Reviews in this structure are great because we are forced to have brevity. If players speak first and last because they are leading the review, we only have about 15 seconds to say what you want to say. We better be ready!

For me, feedback can be in four ways:

  • Probe: Ask for clarification if you think they are close to a solution.

  • Alert: Politely point something out they may not have noticed.

  • Challenge: More forcefully state your view as it’s in opposition to the players.

  • Emergency. Here you just need to step in and take command.

Generally, athlete-centred coaches prefer one and two. Command and control coaches prefer three and four. But they all have their uses whatever your philosophy.

For probing, you can start your statement or question with, “I wonder why...” or “how might you...”. Using these phrases encourages players to further explain what they mean if you think they are close to a useful answer.

To alert, you can start with “What if..” or “I noticed...”. Using this language you can state your opinion as a hint. It’s still up to the players to make the final call.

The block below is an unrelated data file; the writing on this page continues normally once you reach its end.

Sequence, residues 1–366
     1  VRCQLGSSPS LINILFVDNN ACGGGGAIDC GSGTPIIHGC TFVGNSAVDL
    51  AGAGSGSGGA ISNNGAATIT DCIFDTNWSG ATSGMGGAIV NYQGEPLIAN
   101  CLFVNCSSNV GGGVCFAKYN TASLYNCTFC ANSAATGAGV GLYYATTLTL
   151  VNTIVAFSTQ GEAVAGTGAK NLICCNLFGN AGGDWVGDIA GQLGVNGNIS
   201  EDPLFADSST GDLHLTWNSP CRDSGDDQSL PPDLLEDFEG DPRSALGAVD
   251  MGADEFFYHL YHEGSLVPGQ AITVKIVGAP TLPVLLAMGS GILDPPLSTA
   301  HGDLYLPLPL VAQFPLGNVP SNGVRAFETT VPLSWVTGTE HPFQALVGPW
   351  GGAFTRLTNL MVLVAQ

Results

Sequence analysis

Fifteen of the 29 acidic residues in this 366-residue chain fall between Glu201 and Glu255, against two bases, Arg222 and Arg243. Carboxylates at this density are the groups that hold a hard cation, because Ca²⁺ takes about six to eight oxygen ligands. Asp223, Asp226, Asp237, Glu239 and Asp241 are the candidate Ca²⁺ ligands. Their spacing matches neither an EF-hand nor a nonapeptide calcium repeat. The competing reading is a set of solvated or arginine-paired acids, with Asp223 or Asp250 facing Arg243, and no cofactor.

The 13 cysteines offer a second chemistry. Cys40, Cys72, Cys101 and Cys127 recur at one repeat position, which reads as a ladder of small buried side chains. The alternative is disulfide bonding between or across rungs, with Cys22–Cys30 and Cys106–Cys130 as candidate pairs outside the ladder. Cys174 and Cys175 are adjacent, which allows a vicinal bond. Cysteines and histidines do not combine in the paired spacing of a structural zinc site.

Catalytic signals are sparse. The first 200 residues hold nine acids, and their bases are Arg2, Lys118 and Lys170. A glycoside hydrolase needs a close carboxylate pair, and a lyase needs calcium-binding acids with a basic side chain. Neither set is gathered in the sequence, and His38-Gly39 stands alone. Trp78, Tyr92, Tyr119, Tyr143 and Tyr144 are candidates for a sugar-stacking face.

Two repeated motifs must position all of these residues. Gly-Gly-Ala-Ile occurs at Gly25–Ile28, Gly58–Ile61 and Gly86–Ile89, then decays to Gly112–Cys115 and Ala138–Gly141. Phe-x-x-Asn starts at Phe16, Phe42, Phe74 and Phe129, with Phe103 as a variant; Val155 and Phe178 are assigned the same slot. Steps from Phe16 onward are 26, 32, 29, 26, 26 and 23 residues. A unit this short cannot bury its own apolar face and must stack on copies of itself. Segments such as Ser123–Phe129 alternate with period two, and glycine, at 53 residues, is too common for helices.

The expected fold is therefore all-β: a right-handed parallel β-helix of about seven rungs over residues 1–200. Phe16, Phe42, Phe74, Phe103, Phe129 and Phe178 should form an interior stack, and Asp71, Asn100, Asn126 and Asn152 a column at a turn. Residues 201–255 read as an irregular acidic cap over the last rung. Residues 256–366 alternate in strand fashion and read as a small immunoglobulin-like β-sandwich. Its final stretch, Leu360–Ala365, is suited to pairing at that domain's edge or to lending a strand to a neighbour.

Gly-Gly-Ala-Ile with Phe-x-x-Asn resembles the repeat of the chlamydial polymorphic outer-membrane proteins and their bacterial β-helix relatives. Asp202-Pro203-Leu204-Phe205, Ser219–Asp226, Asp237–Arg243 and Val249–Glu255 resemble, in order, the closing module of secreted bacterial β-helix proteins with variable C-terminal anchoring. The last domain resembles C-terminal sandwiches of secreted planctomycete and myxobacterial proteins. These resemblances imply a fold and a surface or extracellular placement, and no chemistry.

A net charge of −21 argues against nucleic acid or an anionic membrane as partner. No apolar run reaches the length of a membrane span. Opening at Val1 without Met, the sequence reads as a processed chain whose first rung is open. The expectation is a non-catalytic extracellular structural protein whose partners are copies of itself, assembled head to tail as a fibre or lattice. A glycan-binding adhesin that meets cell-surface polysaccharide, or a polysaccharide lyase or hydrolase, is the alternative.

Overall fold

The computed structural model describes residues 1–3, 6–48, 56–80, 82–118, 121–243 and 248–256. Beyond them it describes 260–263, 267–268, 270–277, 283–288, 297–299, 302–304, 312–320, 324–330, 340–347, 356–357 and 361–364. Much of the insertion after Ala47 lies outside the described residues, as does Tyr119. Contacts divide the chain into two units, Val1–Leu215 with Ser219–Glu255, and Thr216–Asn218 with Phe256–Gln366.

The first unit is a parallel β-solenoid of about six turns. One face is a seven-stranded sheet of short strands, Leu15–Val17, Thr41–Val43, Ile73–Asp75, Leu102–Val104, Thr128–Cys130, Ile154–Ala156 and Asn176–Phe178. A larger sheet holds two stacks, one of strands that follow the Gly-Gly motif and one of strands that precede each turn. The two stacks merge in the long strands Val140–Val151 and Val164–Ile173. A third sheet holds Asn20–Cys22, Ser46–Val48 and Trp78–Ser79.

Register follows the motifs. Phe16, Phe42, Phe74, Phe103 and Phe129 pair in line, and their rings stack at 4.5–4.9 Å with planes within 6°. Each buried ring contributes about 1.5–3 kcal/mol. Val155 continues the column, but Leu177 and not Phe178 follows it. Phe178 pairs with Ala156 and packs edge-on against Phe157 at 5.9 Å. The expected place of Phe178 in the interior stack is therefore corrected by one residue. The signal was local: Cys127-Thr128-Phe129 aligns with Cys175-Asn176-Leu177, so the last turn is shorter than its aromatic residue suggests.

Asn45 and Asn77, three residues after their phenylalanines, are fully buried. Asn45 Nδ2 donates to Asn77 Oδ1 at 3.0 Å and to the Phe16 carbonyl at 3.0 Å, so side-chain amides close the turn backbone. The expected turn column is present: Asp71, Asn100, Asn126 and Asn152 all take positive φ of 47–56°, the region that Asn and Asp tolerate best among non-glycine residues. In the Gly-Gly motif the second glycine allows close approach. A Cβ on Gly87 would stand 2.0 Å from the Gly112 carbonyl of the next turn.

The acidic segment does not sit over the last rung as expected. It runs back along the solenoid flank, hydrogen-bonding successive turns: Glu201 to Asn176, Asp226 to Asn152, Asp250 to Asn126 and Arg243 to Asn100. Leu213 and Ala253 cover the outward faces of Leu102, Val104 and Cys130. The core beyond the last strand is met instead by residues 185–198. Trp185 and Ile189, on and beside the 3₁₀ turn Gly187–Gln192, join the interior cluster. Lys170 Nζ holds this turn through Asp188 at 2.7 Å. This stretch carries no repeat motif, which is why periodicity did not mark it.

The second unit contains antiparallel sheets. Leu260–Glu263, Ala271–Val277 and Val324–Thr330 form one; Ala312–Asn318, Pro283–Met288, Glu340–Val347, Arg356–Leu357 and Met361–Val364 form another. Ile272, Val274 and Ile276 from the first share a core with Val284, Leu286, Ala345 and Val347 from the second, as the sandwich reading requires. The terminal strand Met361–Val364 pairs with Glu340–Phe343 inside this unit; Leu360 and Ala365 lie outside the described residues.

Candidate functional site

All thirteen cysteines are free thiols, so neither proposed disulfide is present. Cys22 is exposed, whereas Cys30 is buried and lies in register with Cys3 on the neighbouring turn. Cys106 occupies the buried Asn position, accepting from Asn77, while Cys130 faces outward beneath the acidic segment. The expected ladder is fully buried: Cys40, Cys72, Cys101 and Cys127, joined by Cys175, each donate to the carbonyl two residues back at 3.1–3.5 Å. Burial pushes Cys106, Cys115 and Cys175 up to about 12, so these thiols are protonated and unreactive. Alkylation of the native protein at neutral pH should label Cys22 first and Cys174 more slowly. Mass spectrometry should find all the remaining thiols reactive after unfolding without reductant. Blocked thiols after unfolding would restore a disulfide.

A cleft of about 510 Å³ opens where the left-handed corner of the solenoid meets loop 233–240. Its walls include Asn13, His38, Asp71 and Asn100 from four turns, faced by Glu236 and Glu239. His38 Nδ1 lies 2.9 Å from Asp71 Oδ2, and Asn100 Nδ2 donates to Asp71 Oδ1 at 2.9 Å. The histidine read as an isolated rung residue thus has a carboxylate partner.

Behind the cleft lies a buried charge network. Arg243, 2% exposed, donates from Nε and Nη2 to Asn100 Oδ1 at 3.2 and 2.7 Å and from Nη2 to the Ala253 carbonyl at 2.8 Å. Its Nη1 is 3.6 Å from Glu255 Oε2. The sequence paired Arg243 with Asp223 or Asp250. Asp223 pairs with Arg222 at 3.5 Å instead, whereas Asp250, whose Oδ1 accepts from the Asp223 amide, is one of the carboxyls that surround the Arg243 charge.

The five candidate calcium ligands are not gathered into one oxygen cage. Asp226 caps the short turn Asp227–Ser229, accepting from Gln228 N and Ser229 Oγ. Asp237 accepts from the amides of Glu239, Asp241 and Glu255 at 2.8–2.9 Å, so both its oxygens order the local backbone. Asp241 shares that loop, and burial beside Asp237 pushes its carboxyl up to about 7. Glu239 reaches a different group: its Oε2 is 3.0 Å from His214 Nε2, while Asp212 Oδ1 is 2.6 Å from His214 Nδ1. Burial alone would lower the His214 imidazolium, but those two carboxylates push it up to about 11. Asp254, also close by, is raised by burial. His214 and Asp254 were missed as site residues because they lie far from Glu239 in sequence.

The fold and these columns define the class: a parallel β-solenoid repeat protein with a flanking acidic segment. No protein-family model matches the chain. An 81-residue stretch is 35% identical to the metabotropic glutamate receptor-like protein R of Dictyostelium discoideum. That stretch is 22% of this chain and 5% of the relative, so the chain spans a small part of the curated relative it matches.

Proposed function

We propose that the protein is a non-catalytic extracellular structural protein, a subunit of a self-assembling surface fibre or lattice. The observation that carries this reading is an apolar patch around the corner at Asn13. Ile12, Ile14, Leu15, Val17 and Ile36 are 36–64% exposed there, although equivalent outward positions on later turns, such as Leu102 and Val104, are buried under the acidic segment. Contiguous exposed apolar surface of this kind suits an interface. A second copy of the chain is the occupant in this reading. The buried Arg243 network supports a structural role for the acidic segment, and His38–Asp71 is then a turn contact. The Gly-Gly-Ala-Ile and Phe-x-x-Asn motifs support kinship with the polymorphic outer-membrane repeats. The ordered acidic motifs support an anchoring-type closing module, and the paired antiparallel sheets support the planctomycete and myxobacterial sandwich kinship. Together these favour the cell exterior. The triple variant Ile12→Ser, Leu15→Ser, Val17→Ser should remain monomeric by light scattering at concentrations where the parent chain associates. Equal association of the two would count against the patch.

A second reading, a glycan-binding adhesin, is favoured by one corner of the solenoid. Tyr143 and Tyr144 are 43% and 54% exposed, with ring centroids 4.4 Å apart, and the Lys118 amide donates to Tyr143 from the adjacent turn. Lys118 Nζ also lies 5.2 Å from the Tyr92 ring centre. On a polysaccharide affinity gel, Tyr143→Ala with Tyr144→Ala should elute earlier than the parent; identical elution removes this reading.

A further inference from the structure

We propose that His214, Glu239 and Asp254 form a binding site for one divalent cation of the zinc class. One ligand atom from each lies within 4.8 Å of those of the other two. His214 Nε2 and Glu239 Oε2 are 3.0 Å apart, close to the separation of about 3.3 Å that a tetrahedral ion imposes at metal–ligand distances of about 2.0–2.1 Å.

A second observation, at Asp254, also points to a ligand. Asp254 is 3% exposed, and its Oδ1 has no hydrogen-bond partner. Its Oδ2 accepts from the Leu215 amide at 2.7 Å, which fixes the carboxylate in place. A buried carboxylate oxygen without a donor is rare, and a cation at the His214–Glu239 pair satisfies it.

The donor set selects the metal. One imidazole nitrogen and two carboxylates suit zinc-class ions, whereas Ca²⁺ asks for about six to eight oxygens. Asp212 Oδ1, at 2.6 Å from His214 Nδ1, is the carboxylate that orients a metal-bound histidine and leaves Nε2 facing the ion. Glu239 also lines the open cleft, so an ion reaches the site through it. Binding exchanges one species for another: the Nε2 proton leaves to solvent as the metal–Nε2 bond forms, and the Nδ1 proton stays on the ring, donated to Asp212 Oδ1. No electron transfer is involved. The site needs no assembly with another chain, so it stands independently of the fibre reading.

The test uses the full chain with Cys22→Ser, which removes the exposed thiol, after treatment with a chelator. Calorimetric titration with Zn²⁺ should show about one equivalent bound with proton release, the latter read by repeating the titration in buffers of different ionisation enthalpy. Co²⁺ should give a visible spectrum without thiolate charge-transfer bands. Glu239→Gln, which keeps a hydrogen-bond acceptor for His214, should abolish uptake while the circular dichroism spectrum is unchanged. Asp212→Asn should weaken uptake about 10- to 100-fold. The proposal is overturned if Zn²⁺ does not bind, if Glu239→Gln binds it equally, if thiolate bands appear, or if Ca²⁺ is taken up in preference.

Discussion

When challenging, players will be reviewing poorly. Perhaps they are reviewing something that is not the critical outcome. They might be too judgemental, assuming just because you can’t do something it means you will never be able to do it (a Corinthian mindset). They also can let their discussion drift past 30 seconds. You step in with something like “Can I challenge here because...”. After a challenge, it’s important to hand back decision-making to the players by saying “what do you think?” or “So, what are we doing next?”.

Finally, it’s rare, but in an emergency you just need to take command of the situation. Traditional coaching has jumped straight in like this and tell players how to correct their errors. It rarely works; evidence suggests a command style is effective about 2% of the time. I believe this method is best reserved for unsafe or hurtful behaviour rather than technical instruction. It also is helpful in a situation where a player has not got used to Rule of Three and reviews yet and you can guide them towards a stated outcome.

You only have one shot in your 15 seconds, so pick the right one for the circumstances.